It was a perfect temperature for picking and we were in under the nets reaching for large clusters of berries, some so ripe that they fell off their stalk as soon as they were touched (then you had to ferret in the undergrowth to save them!). Of course a fair amount of berry grazing was done along the way, encouraged by the owner, who suggested we savour the sharper, more acidic, less ripe fruit and compare it with its more fully ripened and darker neighbour.

The owners gave us a lovely spot to have morning tea and our picnic lunch, and the children had a lovely time seeking adventures in the nearby bush and looking for tree frogs in the pond.

After weighing and packing our bounty, we wandered our separate ways home with our berry treasures, some stopping off in Yarragon on the way for a cuppa, and others checking out the new foal on a local farm, all determined to add one or two varieties of berry to our gardens next spring.

Perhaps the apple season will take us for another venture up into the hills– cox’s orange pippins and Canadian cider apples await.  We will keep you posted re picking season for the apple crop and highly recommend the quality of the berries and berry picking experience at Sunny Creek.

Rachel and Jos
(on behalf of the fun_raising group)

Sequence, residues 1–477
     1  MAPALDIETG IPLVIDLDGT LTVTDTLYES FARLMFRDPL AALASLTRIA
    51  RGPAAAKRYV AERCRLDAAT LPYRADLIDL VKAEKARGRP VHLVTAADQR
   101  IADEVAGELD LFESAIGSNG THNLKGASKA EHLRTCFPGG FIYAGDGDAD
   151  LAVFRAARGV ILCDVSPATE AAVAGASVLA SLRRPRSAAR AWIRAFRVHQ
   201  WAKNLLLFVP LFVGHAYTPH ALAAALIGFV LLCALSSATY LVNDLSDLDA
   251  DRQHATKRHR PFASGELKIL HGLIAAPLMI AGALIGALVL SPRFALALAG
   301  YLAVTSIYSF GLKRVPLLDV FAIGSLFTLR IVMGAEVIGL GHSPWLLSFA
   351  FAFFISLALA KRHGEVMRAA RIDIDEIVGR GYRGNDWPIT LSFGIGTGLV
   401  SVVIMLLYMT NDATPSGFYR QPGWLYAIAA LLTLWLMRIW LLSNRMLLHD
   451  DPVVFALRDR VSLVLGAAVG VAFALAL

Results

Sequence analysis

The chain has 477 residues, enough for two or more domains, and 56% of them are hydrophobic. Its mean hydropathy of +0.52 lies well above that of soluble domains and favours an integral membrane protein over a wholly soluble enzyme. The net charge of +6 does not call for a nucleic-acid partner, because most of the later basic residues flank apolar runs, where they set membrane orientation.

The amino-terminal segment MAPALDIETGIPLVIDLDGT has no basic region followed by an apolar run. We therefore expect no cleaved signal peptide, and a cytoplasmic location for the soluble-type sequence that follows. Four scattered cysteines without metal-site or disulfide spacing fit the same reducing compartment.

Youngberry pickers

Youngberry pickers

Boysenberries

Boysenberries

Buckets of goodness

Buckets of goodness

Missed out? Wished you could’ve come too? Join our mailing list and next time you’ll know about it!

31 December, 2010 at 4:45 pm Leave a comment

TD’s first Made ‘n Thornbury market stall

Made ‘n Thornbury, an initiative of Thornbury Women’s Neighborhood House, held its final community market for 2010 on Saturday 11 December and Transition Darebin was among the stallholders, selling home-made produce, crafts and Christmas decorations and a selection of home-grown herbs, vegies, seeds and seedlings, all provided by Transition Darebinites.

It was a fun day, not least because we got to check out the other stalls. There are some seriously creative craftswomen in Darebin. We also discovered that fresh rhubarb is in high demand so it’s a good thing this reliable perennial is growing in many of our gardens.

The next Made ‘n Thornbury market will be in autumn. We hope to be there again. Thanks to the wonderful Maz, Rachel and Kelly for suggesting and organising our presence at this one.

 

Robynann and customers

Robynann and customers

12 December, 2010 at 3:01 pm Leave a comment

Transition Darebin Urban Orchards 10/10/10 Planting Extravaganza

Once again a group of indefatigable Transitioners met at the old apple tree site next to the Epping train line in Northcote to continue its transformation from vacant land and dumping site to public garden and community meeting place, this time as part of the global 10/10/10 action movement.

Hard-working volunteers pruned, planted, mulched, sifted soil, weeded, watered and picnicked in the shade of the tree. Passersby were impressed by our industriousness and the metamorphosis taking place.

As usual, Cat set up her camera to document the day. Here’s the timelapse video:

28 October, 2010 at 2:08 pm Leave a comment


Categories

Enter your email address to receive notifications of new Transition Darebin posts by email.

Join 82 other followers

Twitter Posts

Feeds

The Network

Transition Network logo